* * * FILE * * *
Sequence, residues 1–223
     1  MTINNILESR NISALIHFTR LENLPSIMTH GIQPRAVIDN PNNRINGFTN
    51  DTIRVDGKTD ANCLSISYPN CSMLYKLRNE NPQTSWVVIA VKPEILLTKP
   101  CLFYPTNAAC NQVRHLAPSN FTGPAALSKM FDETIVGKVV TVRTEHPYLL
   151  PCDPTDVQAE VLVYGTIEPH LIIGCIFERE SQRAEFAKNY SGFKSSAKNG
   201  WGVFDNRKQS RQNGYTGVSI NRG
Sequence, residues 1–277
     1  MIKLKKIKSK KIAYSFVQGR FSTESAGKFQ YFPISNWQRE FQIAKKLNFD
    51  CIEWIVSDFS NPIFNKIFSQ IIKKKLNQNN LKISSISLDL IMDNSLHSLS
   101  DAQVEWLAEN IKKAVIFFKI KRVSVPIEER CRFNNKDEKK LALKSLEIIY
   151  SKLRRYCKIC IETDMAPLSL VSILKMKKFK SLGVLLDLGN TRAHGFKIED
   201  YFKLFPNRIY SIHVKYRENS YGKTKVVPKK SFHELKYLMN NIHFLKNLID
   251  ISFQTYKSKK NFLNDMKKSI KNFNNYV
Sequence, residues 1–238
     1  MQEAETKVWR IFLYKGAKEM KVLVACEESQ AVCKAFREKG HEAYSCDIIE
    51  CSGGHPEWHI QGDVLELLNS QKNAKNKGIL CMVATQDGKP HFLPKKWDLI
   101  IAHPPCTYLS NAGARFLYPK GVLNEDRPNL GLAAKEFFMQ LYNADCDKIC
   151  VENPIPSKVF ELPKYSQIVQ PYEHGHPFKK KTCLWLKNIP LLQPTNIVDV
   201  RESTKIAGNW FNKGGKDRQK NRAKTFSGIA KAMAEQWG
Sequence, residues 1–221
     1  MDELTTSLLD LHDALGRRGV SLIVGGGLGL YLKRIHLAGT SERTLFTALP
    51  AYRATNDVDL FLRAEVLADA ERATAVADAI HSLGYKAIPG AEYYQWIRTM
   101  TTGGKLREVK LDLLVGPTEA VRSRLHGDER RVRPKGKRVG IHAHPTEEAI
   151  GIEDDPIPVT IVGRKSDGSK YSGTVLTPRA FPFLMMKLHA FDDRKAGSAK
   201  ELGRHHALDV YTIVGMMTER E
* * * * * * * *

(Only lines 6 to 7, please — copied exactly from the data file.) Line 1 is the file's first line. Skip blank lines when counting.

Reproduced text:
   201  WGVFDNRKQS RQNGYTGVSI NRG
Sequence, residues 1–277